Woolly apple aphid colonies are becoming easier to find. Using adjuvants with penetrating properties are important for effectiveness of insecticides for woolly aphids.

Codling moth and oriental fruit moth are the primary insect concerns for most orchards. Farm-specific trap counts for these two insects are the best guide for judging the need for treatment.

Small fruit

Grape clusters are at berry touch or bunch closure. Some wild grapes have been seen starting veraison. Early hybrid wine varieties should be entering veraison soon.

Disease management of phomopsis, black rot, downy and powdery mildews are the primary focus currently. The heavy dews we are experiencing means it is important to maintain protection against Downey mildew. With tight clustered varieties, this is the last chance to get cluster disease sprays into the clusters.

Grape berry moth is late in its second generation. For high pressure sites, mid-generation cover sprays two weeks after the spray at biofix will help manage the later generations closer to harvest.

Blueberry harvest is in full swing in southwest Michigan. They are finishing up with early varieties. Mid-season varieties are in their second pick in most areas. Disease focus should continue to be on early fruit rot management. Even with the rain the past few weeks, irrigation should be continued to maintain moist soils, especially in sandy sites. Early fruit size is generally good, but continued water helps keep the berry sizes high for subsequent pickings.

Spotted wing Drosophila (SWD) populations have increased over the last week, likely due to the rain and cooler temperatures. The numbers are still low but will increase quickly as fruit in the wooded areas around fields continue to ripen.

Bramble harvest continues. Fall bearing blackberries have started blooming. Maintain fungicide programs to protect from fruit rots and monitor for SWD so you can stay ahead of the expected population increase coming soon.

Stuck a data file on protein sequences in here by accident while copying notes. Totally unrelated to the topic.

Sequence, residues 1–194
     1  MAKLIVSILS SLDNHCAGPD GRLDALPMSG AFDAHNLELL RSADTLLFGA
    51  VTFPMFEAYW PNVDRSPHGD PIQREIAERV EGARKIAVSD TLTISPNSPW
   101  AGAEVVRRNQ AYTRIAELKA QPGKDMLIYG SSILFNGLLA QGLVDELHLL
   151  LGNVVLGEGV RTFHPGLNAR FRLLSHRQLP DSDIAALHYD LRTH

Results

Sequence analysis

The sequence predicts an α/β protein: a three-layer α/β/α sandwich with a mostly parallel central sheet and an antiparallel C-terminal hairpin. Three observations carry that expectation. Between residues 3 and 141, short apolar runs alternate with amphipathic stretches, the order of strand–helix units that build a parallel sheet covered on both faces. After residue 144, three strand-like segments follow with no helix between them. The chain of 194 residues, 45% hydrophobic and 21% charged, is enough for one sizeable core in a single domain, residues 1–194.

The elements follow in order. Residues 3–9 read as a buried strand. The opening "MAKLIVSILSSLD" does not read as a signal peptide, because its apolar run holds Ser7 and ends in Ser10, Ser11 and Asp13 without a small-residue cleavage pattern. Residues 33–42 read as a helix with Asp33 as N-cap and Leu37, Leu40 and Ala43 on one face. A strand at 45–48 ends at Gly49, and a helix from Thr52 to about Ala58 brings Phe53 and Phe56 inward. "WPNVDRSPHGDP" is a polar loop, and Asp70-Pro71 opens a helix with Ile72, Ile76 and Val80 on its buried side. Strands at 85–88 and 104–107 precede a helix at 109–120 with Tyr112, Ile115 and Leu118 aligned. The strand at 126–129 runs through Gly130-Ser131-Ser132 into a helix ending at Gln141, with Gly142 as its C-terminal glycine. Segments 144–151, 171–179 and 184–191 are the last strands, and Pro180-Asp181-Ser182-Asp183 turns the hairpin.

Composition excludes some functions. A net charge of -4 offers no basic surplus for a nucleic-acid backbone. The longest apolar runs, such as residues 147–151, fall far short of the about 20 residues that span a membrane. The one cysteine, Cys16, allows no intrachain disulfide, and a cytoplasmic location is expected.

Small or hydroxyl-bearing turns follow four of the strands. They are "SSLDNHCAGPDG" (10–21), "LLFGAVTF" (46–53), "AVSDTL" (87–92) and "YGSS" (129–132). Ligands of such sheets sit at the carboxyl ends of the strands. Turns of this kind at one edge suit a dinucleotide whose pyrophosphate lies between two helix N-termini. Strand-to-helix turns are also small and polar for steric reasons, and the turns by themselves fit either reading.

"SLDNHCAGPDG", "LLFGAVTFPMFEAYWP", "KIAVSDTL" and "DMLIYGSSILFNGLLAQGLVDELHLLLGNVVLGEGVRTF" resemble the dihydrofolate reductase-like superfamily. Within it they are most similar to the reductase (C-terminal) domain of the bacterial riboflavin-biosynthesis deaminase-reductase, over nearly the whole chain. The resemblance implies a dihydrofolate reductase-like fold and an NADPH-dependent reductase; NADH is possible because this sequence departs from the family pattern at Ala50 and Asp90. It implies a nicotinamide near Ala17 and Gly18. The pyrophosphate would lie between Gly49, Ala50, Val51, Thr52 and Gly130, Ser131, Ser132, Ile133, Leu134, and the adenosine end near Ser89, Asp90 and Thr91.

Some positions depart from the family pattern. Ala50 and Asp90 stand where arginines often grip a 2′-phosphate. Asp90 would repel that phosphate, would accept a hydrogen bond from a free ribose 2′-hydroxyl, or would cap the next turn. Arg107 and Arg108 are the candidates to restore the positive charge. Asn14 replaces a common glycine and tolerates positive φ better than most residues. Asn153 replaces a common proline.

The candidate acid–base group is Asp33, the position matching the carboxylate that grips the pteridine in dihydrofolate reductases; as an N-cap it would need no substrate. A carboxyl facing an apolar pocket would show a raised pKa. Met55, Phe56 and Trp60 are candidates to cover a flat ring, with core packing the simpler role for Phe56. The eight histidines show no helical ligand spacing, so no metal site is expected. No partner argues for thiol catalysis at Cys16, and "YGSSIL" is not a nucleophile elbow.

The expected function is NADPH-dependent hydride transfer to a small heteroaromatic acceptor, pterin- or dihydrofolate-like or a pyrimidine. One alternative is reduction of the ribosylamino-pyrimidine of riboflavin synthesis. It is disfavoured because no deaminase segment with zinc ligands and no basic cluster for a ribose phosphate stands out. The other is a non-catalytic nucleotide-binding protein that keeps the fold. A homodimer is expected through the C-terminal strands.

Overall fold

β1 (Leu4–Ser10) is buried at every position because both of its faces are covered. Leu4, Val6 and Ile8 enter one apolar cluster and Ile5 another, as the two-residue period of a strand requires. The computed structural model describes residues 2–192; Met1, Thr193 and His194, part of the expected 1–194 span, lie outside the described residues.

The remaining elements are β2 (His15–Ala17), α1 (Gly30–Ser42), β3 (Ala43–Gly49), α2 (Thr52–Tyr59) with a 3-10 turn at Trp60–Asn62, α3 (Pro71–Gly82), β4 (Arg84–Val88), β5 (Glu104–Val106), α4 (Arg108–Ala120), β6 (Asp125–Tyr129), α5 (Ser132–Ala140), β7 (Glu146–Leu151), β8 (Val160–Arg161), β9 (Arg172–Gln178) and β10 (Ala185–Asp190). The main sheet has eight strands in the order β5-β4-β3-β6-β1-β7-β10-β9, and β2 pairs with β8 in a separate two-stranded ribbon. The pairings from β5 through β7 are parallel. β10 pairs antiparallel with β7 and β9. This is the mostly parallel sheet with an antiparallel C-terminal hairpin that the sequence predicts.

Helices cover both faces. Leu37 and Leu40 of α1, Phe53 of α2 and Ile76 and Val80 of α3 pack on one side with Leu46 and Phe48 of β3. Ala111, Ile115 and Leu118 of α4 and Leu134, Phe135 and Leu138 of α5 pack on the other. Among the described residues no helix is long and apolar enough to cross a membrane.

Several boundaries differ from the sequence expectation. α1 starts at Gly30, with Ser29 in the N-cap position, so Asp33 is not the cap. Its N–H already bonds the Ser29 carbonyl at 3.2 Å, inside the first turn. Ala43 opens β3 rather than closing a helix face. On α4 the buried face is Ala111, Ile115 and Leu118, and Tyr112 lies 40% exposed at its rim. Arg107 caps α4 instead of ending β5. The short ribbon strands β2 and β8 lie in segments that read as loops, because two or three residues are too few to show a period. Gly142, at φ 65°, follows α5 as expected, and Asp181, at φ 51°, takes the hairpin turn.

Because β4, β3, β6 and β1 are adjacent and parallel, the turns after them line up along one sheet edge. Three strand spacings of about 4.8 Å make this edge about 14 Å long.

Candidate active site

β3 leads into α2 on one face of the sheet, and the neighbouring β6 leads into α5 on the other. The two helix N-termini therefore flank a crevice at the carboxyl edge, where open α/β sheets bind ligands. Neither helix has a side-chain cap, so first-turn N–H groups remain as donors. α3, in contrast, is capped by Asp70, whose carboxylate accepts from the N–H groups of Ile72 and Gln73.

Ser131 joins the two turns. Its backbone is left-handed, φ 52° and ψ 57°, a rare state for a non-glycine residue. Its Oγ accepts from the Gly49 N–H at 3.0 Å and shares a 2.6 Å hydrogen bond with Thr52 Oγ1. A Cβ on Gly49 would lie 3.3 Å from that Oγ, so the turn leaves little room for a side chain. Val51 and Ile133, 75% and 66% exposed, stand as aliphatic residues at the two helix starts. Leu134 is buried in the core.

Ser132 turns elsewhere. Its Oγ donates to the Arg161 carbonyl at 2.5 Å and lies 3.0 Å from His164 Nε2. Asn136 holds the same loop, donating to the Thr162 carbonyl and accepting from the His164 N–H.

Raspberry bloom
Fall bearing raspberries are still in bloom. Pollinators are highly attracted to raspberry blooms, especially this time of year. Spray timing is critical in protecting pollinators at this time. Photo by Mike Reinke, MSU Extension.

In cranberries, there is a wide range of fruit size, from pea to full size. Some fruit rots were observed in the field.

Gooseberry harvest is complete. Black currants are being picked now.

Chestnut burrs are developing. This is the time of year to begin protecting burrs from chestnut weevil infestations. There are two species of weevils. The large chestnut weevil flight window is in August and September. The lesser chestnut weevil emerges in September and October. Both species are present in Michigan, but many locations only have one species. Monitoring can be valuable in determining which species you have and when to start your sprays. See this article for more information about the two species: “Chestnut weevil: A potential pest of Michigan chestnuts.”

Paw paw fruit are generally a couple inches long. Fruit set looks good this year.

Paw paw fruit.
Southwest Michigan produces many fruits beyond the well-known varieties. Here is the paw paw, a native cousin to the papaya. Harvest of this fruit usually occurs around the end of September. Photo by Mike Reinke, MSU Extension.

Upcoming meetings 

A blueberry field day is scheduled for Aug. 24 at the Trevor Nicholls Research Station in Fennville, Michigan. More information to come.

Related articles 


This work is supported by the Crop Protection and Pest Management Program [grant no 2021-70006-35450] from the USDA National Institute of Food and Agriculture.